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Accessible Apple: Springing into accessibility, 2015 is just the start

Yesterday’s Apple Spring Forward event blew my expectations clean out of the water. Yesterday morning, we saw Apple make a lot of announcements that have far-reaching implications for universal accessibility. These include, but are not limited to, the Apple TV, ResearchKit, the new MacBook, and the Apple Watch.

The two primary announcements regarding the Apple TV made today were HBO Now and the price reduction. HBO Now, a service allowing subscribers to access HBO’s current and archived content for $14.99 per month, brings the Apple TV one step closer to replacing traditional cable boxes. Meanwhile, the set top box itself has been dropped in price to $69 (USD) or $89 (CAD). The addition of HBO, when combined with the price drop, brings greater independence to HBO Now customers while making the Apple TV even more affordable to the accessibility market — a customer base that has traditionally been considered low income.

In my opinion, ResearchKit is the biggest step forward in Apple accessibility since universal access features were added free of charge to iOS. That shift put mainstream technology into the hands of customers used to paying for even the most basic access, and now ResearchKit is set to do the same to the diagnostic market. As fellow Apple World Today team member Kelly Hodgkins wrote in her piece yesterday: “this is [a] big announcement for Apple as it moves [its] health initiative from simply monitoring your activity level to helping the medical community understand illnesses as well as help cure diseases. Not only that, but it gives medical professionals and patients access to the same, very powerful diagnostic tool.” This framework is going to foster new ways of research that can lead to an improved quality of life for everyone, and that to me is what universal access is all about.

As for the new Macbook, the device’s lighter design, Retina display, overhauled keyboard and trackpad with Force Touch make it potentially game-changing for some users. The light design, new keyboard and a trackpad that requires less pressure to activate will appeal to users with fine motor skills difficulties, limited dexterity or arthritis. Some visually impaired users will find the new Retina display easier to see.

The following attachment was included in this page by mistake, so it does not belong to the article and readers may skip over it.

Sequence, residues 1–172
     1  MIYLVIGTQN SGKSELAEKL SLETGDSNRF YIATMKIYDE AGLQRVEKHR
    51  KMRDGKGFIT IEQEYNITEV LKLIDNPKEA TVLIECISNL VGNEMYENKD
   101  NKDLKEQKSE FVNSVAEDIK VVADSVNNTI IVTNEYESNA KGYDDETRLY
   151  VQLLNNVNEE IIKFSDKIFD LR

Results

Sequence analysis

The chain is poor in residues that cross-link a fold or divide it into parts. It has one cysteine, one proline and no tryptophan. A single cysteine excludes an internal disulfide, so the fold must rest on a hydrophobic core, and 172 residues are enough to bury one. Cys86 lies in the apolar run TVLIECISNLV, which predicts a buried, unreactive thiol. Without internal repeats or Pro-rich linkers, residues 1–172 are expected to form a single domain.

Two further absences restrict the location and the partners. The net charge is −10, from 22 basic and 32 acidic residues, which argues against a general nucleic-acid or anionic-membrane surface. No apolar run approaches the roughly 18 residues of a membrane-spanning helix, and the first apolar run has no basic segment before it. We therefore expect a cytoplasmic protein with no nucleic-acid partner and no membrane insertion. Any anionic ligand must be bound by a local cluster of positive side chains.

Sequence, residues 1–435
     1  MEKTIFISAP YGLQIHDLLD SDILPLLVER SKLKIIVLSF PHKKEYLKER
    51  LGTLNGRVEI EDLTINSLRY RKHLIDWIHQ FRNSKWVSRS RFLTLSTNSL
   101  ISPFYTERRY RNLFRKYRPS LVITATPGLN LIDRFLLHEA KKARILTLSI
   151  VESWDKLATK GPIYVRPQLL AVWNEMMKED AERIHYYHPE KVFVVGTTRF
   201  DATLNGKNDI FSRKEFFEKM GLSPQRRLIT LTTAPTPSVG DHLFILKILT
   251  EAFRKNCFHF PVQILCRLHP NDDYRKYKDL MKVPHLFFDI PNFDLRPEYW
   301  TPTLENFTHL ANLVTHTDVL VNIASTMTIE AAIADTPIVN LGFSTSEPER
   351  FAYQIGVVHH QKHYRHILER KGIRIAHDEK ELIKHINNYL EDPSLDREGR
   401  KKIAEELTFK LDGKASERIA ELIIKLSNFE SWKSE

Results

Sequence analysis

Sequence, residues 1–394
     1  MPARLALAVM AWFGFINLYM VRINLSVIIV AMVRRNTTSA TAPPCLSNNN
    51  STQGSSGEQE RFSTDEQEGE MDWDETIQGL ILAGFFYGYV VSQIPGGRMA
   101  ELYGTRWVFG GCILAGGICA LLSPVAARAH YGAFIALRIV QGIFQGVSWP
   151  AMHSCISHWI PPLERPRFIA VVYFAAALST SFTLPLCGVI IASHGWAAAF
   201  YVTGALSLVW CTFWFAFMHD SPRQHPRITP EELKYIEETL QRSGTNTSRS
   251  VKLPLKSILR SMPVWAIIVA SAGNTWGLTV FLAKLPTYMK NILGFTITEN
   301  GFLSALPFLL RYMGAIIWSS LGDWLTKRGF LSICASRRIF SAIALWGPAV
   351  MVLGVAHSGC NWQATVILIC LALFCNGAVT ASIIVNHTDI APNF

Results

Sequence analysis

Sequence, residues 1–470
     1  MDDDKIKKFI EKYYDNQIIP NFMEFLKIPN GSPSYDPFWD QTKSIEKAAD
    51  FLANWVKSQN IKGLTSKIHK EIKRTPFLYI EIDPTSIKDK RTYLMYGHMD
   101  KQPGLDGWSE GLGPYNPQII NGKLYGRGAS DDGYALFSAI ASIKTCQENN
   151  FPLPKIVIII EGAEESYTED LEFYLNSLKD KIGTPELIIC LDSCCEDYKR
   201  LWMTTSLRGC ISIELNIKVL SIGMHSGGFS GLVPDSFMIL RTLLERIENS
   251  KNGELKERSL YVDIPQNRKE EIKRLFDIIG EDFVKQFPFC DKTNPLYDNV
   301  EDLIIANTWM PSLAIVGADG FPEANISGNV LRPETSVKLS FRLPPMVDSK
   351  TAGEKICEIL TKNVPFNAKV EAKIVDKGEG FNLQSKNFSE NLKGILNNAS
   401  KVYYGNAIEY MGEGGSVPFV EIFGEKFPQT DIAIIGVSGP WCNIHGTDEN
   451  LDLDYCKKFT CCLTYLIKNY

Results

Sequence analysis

Last — but certainly not least — the star of the show was the Apple Watch, which has continued to make an accessibility splash. With many onboard sensors and input methods, I’m excited to see what developers will do with the hardware. Much like the iPhone’s core value comes from the myriad of apps available in the AppStore, the Apple Watch will also gain even more value with time. I foresee developers being creative with the vibration sensors and Force Touch display to develop apps beyond what we can imagine today. This doesn’t even take into account the security implications of the device, which I wrote about two weeks ago or the built-in accessibility features like VoiceOver, Zoom, and more.

Yesterday’s announcements are interesting, especially from an accessibility standpoint. I’m excited to see where else Apple goes in 2015. The year is young and we still have WWDC and probably more events to come.

What do you think about Apple’s start to the year? Where do you foresee the company taking universal access in the future?

Let me know in the comments or on Twitter.


Steve Sande
the authorSteve Sande
Steve is the founder and former publisher of Apple World Today and has authored a number of books about Apple products. He's an avid photographer, an FAA-licensed drone pilot, and a really bad guitarist. Steve and his wife Barb love to travel everywhere!